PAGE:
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Commitment, dangers hallmarks at appointment of missionaries

SALT LAKE CITY (BP)–During a June 10 appointment service laden with emotion and pageantry, Southern Baptists’ 38 newest international missionaries heard and saw the commitment they must maintain and dangers they will face as they follow God’s leadership in pushing back spiritual darkness worldwide.
From his wheelchair, disabled missionary Wade Watts told in slow and halting speech about his desire to fully recover from injuries sustained in an automobile accident in Peru and someday return to his work there.
Watts and his son, Marcus, received serious head injuries in an automobile accident in Peru in early 1996, prompting a massive Southern Baptist prayer campaign. Watts lingered in a coma for months and at first could not speak after awakening. But he said if he could relive his life, he would still go to South America as a missionary because that was his calling from God.
The six new missionaries bound for South America surrounded Watts and his wife, Nancy, during the service as International Mission Board President Jerry Rankin predicted Watts will fully recover and will return to Peru some day.
Quoting from the words of the Apostle Paul in Romans 1, Rankin told the new missionaries they are going overseas as “bondservants to Christ” who have surrendered their lives to God’s will.
“You have no choice but to obey,” he said.
Among the 38 new missionaries were two who recently tasted danger.
One was Allie Larm, whose first wife, Holly, more than two years ago died of a reaction to malaria medicine while the couple were serving their first term in Cote d’Ivoire. Larm is returning to West Africa with his new bride, Kathy, who previously served as a journeyman missionary in Cote d’Ivoire.
When he chose to return to the United States with his young children, Larm said, “I knew I might never return (to Africa). That thought saddened me very much. I stand here again tonight full of the same hopes, dreams and convictions, planning to spend the rest of my life in West Africa.”
The other individual was Mark Roberts, who had a vertebrae shattered June 9 while crossing the street in front of the Salt Palace Convention Center, where the SBC annual meeting was being held. Roberts’ wife, Jenny, suffered minor injuries in the accident. Police say the 16-year-old male driver of the vehicle that hit them was at fault.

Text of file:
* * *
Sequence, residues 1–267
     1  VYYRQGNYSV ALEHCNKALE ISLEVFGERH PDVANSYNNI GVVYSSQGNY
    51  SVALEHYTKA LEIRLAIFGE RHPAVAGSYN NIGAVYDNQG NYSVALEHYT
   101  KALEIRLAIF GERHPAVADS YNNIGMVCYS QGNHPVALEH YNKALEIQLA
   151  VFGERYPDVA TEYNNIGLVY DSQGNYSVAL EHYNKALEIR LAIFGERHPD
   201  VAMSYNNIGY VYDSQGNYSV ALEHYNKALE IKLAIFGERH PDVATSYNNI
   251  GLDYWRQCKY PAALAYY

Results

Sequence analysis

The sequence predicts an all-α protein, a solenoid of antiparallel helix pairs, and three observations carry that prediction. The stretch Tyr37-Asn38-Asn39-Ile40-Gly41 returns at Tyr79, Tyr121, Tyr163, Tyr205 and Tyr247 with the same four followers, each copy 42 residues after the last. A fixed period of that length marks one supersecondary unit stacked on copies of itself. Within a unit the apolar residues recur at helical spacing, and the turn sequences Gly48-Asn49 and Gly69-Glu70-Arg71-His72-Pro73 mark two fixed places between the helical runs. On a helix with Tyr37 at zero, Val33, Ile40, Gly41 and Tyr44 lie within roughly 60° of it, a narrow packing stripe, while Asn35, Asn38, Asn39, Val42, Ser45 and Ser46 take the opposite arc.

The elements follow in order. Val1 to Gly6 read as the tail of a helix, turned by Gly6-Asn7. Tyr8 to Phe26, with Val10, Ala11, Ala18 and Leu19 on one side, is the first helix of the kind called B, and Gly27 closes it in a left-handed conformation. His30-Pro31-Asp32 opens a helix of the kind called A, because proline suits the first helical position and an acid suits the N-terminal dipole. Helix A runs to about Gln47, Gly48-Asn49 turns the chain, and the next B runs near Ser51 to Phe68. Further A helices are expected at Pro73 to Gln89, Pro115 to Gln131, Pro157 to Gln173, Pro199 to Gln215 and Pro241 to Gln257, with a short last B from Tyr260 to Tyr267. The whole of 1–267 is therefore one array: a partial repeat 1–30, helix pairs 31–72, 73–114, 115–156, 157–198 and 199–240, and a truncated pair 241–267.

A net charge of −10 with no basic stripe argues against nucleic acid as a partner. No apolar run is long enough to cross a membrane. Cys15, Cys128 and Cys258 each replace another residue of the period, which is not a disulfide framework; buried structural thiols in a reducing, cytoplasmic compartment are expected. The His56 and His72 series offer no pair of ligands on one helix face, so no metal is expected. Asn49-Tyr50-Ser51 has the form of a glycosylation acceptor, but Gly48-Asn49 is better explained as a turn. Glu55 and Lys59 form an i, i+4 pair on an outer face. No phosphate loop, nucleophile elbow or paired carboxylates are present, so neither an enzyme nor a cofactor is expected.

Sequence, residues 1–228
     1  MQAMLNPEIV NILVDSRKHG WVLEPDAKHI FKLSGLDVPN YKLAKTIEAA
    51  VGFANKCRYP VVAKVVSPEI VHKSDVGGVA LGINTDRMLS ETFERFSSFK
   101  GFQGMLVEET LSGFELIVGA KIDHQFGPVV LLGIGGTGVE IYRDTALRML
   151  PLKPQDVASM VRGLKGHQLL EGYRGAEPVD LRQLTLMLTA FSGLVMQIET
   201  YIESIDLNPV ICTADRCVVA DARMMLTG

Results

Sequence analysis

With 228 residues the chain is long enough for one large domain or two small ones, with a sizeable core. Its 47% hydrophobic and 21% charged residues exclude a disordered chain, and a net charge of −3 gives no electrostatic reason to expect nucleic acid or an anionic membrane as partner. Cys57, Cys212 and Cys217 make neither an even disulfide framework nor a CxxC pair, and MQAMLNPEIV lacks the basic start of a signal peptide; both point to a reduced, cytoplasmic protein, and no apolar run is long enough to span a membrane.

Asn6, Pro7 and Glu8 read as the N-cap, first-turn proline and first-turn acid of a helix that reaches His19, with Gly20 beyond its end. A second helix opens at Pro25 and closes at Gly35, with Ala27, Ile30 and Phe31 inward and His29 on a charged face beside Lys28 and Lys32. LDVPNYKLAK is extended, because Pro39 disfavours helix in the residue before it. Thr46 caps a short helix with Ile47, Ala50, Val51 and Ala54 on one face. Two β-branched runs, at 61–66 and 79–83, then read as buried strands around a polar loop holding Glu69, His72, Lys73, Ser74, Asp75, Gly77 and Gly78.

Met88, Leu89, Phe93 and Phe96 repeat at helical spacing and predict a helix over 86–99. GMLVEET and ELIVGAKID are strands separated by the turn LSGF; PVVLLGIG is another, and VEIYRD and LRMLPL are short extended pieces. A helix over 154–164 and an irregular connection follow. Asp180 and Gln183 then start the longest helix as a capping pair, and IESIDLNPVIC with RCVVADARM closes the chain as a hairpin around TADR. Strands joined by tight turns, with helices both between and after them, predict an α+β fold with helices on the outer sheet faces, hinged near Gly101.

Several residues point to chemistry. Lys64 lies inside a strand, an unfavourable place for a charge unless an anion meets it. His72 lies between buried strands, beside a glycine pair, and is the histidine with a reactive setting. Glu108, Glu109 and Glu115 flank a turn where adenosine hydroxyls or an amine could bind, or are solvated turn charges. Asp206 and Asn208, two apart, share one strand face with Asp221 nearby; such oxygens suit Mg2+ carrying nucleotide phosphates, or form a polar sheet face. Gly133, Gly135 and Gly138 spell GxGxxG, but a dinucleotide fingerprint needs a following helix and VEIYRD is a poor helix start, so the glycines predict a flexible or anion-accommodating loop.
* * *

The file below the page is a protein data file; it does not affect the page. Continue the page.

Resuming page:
Wearing a temporary back brace and in a wheelchair, Roberts left a Salt Lake City hospital in time to participate in the Wednesday night appointment service, held in conjunction with the annual convention.
Bruised and sore from the accident, Jenny Roberts told the convention audience of her exit as a young person from her native Cambodia just before communists took control there. “(At that time) my grandmother said to me, ‘God spared your life and he’s going to use you to share the good news someday.’ Her prophecy has come true tonight.”
Despite spiritual warfare and tragedies that befall missionaries, God is at work around the world opening doors to new areas and using Southern Baptist missionaries to bring more people to a saving faith in Jesus Christ, Rankin said.
Speaking to the new missionaries and their audience of more than 3,000, he said the world stands on the brink of the “greatest opportunity for global evangelization” ever. It is possible now to envision a day when “people from every tribe, every nation, every tongue” will fulfill the biblical vision of worldwide commitment to Jesus Christ as Lord and Savior, he added.
Earlier in his report to the convention, Rankin predicted the IMB missionary force could grow from 4,447 today to 16,000 within a few years, as God calls increasing numbers of people to walk through doors swinging open worldwide.
“What would happen if exalting the unchanging Christ among the nations became the priority for Southern Baptists that it represents in the heart of God?” Rankin asked.
The IMB reported 161 decisions during the invitation at the close of the appointment service, including 77 from pastors and associational directors of missions. The service was laced with testimonies from furloughing missionaries and new appointees. Many new missionaries told about being called to a career in missions after going on a volunteer trip or serving short term overseas.
“A few years ago, Tim (my husband) went on two short-term mission trips to Honduras,” said Missy Bentley of Lenoir, N.C. “As he talked about what he had seen, I saw tears in his eyes. I also knew that God had been calling me.”
Furloughing missionaries focused on how the light of Christ is penetrating spiritual darkness in the world.
“Darkness in Asia is defined by the tens of thousands of religious and political leaders who lead their people from the light or prevent them from ever seeing the light,” strategy coordinator David Watson said.
“The most graphic example of darkness comes from my last trip to Asia. I visited a burial area to pay respects to a family and there encountered religious leaders who were going from body to body feeding on the dead flesh. This is darkness.
“When I think of light, I think of vision, because there can be no vision without light,” Watson added. “As more missionaries, Christian business people and tourists make their way to Asia, vision grows as these rays of light beam into the darkness. My vision is that in this generation every Asian in the world will hear the gospel in such a way that they must make a decision or reject Christ.”
Stan and Marlene Lee, missionaries to Rwanda in central Africa, said a demonic power controls the warring Hutu and Tutsi tribes in their country. “We know that one day they (both tribes) will say ‘Jesus is Lord,'” she said, “and the light will flood that country.”

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  • Louis Moore